But strange and peculiar things can happen in the night. Yikes! there are ghosts around. The cupboard beneath the stairs began to creal alarmingly. And then this creeping pitter-patter of feet. it was a sound that didn't come from human feet. What strange creatures roamed in the early hours of the morning?
A black mark appeared on the carpet. and another one, and more and more all .the way up the stairs. They have only got four toes. These are Goblin feet. There are Goblins in the house!
'Where is B ? Where is B ?
B has gone away! The horrible Goblins have captured
her. They have taken her away. What are we going to do?'
'We had better tell the King.' said A .
'Where does he live?'
'He lives in the castle by the sea.'
A went off to see the King.
'The Goblins have taken B away.'
'Oh dear,' replied the King. 'They must have taken her to Devil's Dyke; a horrible place where Goblins live in holes, and owls screech in the woods. There are wild dogs and bugbears, and ghastly old crones that live there too.'
The King and his Royal Court began to talk earnestly amongst themselves.
'With all of my men and all of my horses we will never get her out of there alive. What are we going to do?'
The King looked over the sea and began to pray.
Suddenly, the waters began to churn and froth and bubble. What a strange sight. A Dragon has appeared! It is the good water Dragon from the Sore. What a fantastic sight! The people looked at the vivid red and green Dragon, with water running off its prickly back, and his enormous wings; and they were filled with great wonder.
He flew over the harbour where the good Dwarves made the brigs. (An ancient sailing ship.)
A said to the Dragon: 'The Goblins have taken
B to Devil's Dyke, and will not give her back.'
'Jump on my back,' said the Dragon. A jumped on the Dragon's prickly back. And they flew over the hills. Over Mill Hill, and Truleigh Hill.
'Truleigh Hill is a good place and true, and where the clever Gnomes live,' said the Dragon.
He flew above the ridge leading up to Devil's Dyke.
'There's one,' shouted A . 'There's a nasty Goblin!' Where had she seen a Goblin before? 'Ugh! they look a bit like humans and a bit like pigs.'
With one swish of his powerful tail, the Goblin grabbed the Goblin in his tremendous claws.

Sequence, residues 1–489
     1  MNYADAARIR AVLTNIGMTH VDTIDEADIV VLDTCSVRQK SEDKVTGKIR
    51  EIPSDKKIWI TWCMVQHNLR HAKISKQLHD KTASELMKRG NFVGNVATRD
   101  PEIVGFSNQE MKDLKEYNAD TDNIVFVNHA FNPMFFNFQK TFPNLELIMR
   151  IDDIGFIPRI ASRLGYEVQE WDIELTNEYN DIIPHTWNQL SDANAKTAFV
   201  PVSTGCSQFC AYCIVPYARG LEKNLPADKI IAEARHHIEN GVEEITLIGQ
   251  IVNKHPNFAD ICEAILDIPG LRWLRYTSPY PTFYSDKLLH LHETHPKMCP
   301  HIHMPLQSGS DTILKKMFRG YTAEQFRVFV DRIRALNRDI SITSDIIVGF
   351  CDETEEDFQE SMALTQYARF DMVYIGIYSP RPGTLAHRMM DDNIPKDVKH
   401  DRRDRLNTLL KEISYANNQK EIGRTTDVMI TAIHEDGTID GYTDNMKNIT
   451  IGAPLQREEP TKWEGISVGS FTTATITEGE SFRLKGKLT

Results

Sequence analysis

'Take me to where B is!' demanded the Dragon.
'Yes, yes, at once,' replied the cowering squirming Goblin.
Again they flew over the hills until they came to Devil's Dyke.
'What are those smelly little holes?' asked A .
'They are Kobold mines, where the nasty Goblins and there horrible friends live.'
The Dragon was very very angry. He said to the Goblin:
'Go and tell your horrible little pals, that if you do not release the poor imprisoned B at once, I am going to breathe fire down down your smelly black tunnels and turn you into roast pork.'
There was a great commotion and fear, until the Chief Goblin brought
B up to thr fresh air.
'Are you alright?' asked A . B was a little bit cold and frightened and a rash had broken out on her skin.
'That will go in a while,' said the wise Dragon. Otherwise she was none the worse the wear.
The Dragon was cross and stern. He scolded the Chief Goblin:
'Now don't you go around stealing children and imprisoning them in your dirty little holes again, or else there will be touble.'
'I've never flown on a Dragon before,' said B .
'Neither had I before today,' replied A .
The Dragon flew and he was happy now. And so were A and B . And they flew over Truleigh Hill. And all the Gnomes laughed and waved. And they flew over the harbour. And the Dwarves stopped their banging and chopping and waved too. But they didn't smile because they had a lot of work to do.
The King was pleased that they were safe.
'Did you enjoy your ride?' he asked.
'Yes, it was fun,' they replied together.
The first light of dawn filtered through the window. A and B took off their crystal earrings.
'Time for school,' said Mother.